Dear me,

What has led to the greatest improvement in a chap’s life over the last 500 years?
Adrian, London


OK, form an orderly queue. Plainly: antiseptic, antibiotics, anaesthetics, indoor plumbing, the kettle, trades unions, motorcars, aeroplanes, trains, bicycles (the greatest of these, internationally, is the bicycle), the international rule of law, the international rule of association football, the internet, the moving camera, white bread, the chip... They’re all contenders. Each
 in a grand or precise way has improved the lot
 of men. And we could throw in the safety razor, lucky underpants and amateur pornography. But it’s ideas that really change the world we 
live in. Penicillin and plastic bags help a lot, fridges and hot water make manliness more comfortable and Tom Ford’s fragrance range makes it smell better, but the idea that has pushed our lives into the light more than any other -ism or -ology is feminism. Oi! Sit down.
 I’m not finished. This is important. Because 
you need to man up and recognise how many 
of the good things you take for granted, how much of the mayo in the sandwich of your life 
is down to women’s liberation. And we’re not talking about the liberation to make lesbian
 porn or neck alcopops. It’s not the liberation of pole dancing and pubic alopecia. The women’s movement has given you half the human race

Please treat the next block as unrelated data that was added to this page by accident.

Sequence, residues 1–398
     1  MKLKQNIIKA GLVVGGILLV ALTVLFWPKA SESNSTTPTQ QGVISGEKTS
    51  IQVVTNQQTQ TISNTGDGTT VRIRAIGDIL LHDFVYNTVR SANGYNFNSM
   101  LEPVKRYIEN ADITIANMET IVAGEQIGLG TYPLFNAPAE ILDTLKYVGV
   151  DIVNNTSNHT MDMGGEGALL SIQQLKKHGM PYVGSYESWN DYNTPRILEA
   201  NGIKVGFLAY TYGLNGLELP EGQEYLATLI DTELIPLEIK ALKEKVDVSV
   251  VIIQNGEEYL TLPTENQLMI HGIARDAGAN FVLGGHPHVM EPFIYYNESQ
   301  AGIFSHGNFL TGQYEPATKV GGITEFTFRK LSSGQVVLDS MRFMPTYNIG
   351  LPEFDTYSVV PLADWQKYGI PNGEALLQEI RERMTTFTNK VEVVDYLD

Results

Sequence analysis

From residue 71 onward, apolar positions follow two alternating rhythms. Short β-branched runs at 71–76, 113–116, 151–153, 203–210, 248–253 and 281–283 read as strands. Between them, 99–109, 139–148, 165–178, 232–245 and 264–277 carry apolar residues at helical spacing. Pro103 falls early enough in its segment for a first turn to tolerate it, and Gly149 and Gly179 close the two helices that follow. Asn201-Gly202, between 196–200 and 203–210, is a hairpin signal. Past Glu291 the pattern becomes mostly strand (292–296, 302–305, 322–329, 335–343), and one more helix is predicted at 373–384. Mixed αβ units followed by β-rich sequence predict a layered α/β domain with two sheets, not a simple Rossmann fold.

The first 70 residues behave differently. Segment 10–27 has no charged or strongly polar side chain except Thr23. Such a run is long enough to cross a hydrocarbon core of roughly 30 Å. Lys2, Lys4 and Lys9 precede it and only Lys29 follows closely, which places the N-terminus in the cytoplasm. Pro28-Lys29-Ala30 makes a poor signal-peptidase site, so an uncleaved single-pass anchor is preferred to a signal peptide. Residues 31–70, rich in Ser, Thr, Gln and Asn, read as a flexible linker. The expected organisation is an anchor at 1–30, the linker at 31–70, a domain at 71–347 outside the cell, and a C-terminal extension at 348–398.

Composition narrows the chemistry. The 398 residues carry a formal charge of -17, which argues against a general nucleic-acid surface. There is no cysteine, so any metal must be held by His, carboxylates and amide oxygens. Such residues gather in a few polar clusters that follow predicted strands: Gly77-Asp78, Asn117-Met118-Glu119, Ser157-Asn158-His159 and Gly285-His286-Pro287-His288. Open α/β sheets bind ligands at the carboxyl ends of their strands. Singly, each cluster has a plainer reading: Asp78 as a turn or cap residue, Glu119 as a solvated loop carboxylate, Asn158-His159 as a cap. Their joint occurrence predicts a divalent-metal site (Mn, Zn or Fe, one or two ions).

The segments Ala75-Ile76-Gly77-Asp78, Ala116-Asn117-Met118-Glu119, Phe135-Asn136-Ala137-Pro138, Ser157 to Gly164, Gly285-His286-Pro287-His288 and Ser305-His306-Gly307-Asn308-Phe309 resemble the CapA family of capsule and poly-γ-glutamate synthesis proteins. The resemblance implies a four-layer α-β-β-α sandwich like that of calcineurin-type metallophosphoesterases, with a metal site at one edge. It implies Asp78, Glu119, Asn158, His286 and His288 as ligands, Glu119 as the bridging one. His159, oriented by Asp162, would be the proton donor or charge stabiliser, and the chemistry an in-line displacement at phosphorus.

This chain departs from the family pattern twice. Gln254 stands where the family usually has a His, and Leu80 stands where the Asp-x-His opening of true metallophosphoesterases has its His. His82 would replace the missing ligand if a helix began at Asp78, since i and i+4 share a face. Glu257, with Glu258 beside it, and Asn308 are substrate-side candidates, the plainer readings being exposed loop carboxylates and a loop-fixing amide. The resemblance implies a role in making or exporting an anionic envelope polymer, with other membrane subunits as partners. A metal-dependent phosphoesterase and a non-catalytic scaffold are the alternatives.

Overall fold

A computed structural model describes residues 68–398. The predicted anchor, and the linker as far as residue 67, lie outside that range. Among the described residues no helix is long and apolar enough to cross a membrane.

as a present, as equals and friends. And nothing has been bigger than that. Liberation combined with contraception was a really big deal for everyone’s sex life. Actually, it invented the 
sex life. But the great winners of the women’s movement weren’t women. It gave them a 
great fury at the scale of the injustice of the
 past and the distance yet to cover. The trouble with righting some wrongs is that it makes the remaining ones seem even more unbearable. But it’s you lot who were the real beneficiaries of the movement. You did precious little to help. You sat on the sofa with your hand down your pants and sneered while at every step forward, women made your life better. And it cost you nothing. But it gave you a better mum, better sisters, better people to work with, to drink with, to tell you jokes, to go on holiday with and just to hang out with. Think of your last weekend session in the pub. Now imagine it without girls.